Wondering why the hell I'm waiting to go back on his diet, lol.

Last edited by SusieSuze; 08-23-2011 at 10:40 PM.
Antibiotics have helped some people with RA, you can look up the roadback foundation as well, they advocate long term therapy with minocycline. But they don't work for everyone. Do your research beyond one site, antibiotic therapy has been studied in major medical journals as well. For some people it helps symptoms but has not delayed joint damage. I know people doing that and also on traditional routes. Alot depends on the reason you may have developed ra. Also, many bacterial and viral infections (like Lyme disease) can have arthritis symptoms, so I am a strong advocate of journaling symptoms and testing for everything. One thing however, if you have to keep taking something, it is not a cure, has he published the results of what happens when people go off? Thanks for the info.
A new treatment for some of the chronic 'autoimmune' type disorders like Crohn's disease is ingestion of parasitic worms!

Apparently, we are built to live a dirty life, and our immune system depends on the attack of worms to keep it in check. Because the body fights the worms, it no longer fights the lining of the intestine and the horrible bleeding and cramping stops for the sufferers of this horrible disease. Pretty amazing, eh?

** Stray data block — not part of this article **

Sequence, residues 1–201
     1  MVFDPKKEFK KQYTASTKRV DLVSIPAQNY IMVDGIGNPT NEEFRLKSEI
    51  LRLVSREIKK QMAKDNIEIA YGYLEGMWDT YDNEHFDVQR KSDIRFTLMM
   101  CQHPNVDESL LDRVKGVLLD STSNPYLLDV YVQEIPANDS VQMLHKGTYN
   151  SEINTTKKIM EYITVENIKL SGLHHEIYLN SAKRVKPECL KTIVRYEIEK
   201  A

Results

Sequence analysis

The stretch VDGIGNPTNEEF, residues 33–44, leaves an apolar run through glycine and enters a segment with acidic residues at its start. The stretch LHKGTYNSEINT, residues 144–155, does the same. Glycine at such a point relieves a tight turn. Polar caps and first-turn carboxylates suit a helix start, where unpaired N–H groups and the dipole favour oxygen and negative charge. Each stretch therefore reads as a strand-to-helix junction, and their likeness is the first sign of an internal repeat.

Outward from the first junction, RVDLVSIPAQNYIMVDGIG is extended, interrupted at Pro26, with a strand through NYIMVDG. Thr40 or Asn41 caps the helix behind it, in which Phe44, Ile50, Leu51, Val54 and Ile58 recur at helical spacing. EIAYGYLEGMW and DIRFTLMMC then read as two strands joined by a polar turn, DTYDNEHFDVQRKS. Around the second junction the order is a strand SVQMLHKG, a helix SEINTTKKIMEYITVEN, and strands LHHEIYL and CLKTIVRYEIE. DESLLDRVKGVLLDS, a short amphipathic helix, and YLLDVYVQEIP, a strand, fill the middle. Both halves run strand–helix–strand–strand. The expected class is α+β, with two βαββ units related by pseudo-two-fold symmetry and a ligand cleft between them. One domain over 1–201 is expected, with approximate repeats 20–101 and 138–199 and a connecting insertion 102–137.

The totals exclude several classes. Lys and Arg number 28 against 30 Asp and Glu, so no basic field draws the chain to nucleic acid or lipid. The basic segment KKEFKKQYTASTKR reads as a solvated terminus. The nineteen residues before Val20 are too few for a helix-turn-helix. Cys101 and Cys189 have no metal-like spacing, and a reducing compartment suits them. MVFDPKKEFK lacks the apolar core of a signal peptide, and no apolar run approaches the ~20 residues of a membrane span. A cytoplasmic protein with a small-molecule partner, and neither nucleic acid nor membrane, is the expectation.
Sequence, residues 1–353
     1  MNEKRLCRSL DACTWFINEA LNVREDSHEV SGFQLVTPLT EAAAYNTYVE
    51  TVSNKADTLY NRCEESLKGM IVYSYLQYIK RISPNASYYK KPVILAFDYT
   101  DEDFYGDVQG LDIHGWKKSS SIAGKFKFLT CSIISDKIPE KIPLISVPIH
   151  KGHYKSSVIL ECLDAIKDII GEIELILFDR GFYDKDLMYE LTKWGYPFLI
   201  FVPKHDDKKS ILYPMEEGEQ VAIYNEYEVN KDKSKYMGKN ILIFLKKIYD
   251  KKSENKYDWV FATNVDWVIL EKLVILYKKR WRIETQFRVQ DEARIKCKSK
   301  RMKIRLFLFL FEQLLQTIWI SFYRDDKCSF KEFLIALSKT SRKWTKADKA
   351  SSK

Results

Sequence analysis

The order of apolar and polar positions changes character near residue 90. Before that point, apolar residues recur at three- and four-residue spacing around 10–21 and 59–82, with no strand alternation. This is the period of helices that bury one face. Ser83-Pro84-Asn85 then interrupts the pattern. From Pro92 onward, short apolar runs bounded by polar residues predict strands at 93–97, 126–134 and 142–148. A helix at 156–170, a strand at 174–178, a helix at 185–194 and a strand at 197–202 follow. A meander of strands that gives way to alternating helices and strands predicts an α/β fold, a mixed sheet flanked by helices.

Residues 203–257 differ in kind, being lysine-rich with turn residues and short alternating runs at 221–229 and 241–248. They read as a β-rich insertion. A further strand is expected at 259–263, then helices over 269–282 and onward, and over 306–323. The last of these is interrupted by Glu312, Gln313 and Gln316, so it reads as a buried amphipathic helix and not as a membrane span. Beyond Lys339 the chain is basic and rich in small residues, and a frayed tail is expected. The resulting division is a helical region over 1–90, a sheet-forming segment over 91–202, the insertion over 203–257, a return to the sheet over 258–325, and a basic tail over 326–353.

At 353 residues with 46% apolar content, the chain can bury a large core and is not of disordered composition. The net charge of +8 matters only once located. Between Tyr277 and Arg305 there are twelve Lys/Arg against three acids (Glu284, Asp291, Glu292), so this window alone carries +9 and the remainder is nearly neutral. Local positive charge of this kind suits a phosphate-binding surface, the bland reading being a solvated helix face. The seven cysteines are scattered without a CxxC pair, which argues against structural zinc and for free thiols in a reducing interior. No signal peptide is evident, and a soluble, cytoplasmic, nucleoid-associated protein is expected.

I have a question I hope someone can help me with. I've had fibromyalgia for years, and in that time I've done alot of research on it, partly looking for new helps out there, and partly to see if my symptoms are what's considered normal. I've read enough to know that fatigue is a big one, but here's the thing. The fatigue, when it hits, is very sudden. Like, I'll be just fine, and then this weird feeling just kind of washes over me, and suddenly I am completely exhausted. When this happens, I have to lay down. Sitting down won't do; I have to LAY down, which is usually followed by me falling asleep. When I wake up, I am very foggy, like being drugged. It takes at least a half hour to really feel awake. Is anyone else like this? It's very annoying. I've lost whole Saturdays because of this, and I really value my weekends.

Thanks in advance!
Originally Posted by curlyinohio
I have fibro and lupus. Your reaction is very common! I refer to it as I've hit a wall or someone turned my switch off.
The brain fog after a nap is likely due to weird cycling during sleep.
It's thought that fibro is caused by a sleep disorder. Our bodies need proper sleep and when our bodies don't get it, things break down. Sleep affects every part of our bodies- everything!

There's some great info at endfatigue.com
The doctor himself has/had a CFS/FMS type disease and has done a ton of research. Great info. He also recommends supplements and certain protocols. I've used several of his suggestions and they are very helpful. Definitely worth checking out.
For me, the fatigue is part of the worst because it makes functioning difficult, my brain doesn't work right and I feel worthless because I'm not working or in school. Difficult to work or go to school when you can't remember what you just read or heard.
Hang in there!